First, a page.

NET I/O BLOCK I/O PIDS
1.76MB / 602MB 532kB / 0B 23
308MB / 3.08GB 147kB / 118MB 9
97.6kB / 596kB 28.9MB / 0B 19
The docker stats command also produces the following additional outputs:
When you’ve exhausted what you can from the docker stats command, a good way to get additional information is through the Docker REST API. The Docker daemon that orchestrates the running of your container provides an API that produces similar, but much more detailed, information as the docker stats command.
To get started with the REST API, you can call GET /container/(id)/stats. Due to the large volumes of data you’ll get from the REST API, you’ll want to pipe your data into a visualization or aggregation tool (more on this in the next section).
By using the above information, we start to get a high-level view of which types of behavior our container might be exhibiting. We can then use that data to tweak our application.
Ask yourself the following questions when viewing this type of data:
Using CLI tools will only get you so far. SSH’ing into your Docker machine to inspect the running processes isn’t sustainable, so instead we can use automation and visualization to improve the process. An APM can help us out with this problem. By installing tooling on our machines, we can pipe data to a single location for viewing and visualization, and tools like Stackify’s Retrace allow us to do that.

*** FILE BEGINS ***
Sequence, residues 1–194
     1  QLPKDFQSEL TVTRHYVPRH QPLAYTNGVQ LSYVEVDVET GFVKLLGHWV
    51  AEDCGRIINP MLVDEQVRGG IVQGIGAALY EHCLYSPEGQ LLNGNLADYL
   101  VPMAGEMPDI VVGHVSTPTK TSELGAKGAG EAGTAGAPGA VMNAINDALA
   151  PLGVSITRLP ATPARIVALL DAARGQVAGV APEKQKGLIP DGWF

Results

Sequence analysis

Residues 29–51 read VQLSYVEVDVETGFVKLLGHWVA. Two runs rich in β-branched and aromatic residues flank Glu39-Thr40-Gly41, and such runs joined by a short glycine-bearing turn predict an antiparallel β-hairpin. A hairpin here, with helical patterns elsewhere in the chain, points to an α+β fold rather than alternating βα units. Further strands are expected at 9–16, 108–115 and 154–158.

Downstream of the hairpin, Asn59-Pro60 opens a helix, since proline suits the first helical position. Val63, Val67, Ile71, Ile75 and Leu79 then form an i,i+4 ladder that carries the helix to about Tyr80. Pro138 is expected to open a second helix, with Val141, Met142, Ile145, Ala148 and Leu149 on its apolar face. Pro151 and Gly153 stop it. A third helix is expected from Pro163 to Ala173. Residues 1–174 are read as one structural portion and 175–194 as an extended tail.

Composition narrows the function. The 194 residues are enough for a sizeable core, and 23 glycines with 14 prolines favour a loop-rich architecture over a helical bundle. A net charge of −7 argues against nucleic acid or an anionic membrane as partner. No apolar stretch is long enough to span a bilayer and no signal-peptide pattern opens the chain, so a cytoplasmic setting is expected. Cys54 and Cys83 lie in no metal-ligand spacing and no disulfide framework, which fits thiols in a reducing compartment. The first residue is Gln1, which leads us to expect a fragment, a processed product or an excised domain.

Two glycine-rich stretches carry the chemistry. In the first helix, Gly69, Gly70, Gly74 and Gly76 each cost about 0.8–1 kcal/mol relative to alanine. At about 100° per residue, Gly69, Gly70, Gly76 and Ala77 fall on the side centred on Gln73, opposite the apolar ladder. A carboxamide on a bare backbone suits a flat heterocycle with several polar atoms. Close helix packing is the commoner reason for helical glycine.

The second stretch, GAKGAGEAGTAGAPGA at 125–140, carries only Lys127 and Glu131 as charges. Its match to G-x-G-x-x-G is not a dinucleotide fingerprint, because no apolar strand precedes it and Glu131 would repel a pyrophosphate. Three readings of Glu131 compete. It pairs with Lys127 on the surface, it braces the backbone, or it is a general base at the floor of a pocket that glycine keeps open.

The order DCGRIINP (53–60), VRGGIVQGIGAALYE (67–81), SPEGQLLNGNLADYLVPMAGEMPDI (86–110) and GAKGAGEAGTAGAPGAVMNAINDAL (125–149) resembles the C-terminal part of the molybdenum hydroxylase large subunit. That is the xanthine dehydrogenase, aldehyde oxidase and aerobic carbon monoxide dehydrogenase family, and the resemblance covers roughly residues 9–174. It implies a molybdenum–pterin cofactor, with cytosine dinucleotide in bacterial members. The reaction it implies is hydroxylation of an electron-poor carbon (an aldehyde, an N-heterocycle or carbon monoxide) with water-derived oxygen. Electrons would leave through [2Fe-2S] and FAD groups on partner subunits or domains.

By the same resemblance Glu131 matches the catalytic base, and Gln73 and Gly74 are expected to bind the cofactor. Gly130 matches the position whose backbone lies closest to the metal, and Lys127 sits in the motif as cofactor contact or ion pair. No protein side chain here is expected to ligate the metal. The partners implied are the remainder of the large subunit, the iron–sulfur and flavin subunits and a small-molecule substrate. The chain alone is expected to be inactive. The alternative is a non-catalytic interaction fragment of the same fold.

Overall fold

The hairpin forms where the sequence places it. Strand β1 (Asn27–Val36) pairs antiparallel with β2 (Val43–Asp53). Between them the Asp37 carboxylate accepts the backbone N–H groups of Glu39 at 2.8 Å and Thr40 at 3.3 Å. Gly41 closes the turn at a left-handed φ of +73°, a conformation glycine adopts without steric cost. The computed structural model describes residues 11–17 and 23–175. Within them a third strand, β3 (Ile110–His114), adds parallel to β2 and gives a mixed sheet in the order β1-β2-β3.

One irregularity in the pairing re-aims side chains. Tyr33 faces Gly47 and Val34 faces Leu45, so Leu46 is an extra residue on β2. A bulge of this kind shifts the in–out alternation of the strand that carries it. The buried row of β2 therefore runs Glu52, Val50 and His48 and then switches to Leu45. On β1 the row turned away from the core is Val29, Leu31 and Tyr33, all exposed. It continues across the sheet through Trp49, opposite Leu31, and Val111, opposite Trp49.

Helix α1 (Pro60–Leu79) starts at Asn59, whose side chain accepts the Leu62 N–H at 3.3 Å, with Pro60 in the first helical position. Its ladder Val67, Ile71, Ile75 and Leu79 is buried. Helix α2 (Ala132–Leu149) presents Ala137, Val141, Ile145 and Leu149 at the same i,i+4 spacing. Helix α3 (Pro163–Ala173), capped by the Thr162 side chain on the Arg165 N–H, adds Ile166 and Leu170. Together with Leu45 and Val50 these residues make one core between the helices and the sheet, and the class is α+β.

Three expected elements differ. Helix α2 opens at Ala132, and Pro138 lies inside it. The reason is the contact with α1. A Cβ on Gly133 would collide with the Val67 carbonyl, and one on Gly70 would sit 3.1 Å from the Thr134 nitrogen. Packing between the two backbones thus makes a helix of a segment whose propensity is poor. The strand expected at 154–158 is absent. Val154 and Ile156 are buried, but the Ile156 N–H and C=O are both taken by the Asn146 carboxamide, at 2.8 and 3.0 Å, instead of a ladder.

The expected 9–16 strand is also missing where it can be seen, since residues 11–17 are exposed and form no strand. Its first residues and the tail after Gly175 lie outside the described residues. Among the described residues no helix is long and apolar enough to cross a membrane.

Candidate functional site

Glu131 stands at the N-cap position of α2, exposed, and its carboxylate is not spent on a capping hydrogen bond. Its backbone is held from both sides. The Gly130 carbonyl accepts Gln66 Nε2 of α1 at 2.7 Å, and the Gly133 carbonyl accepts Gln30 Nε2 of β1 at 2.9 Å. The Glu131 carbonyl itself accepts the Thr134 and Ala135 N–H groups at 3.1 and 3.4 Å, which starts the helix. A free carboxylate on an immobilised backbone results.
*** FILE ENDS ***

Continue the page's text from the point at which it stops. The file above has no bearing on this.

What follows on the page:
In part one, we went through how to ensure Docker build times are low and create your own registry. In part two, we discussed leveraging running container data for performance assessments.
Now you have the tools you need to start digging into understanding your containers’ performance in both build and runtime. You should now be able to start realizing the true power and performance of Docker containers!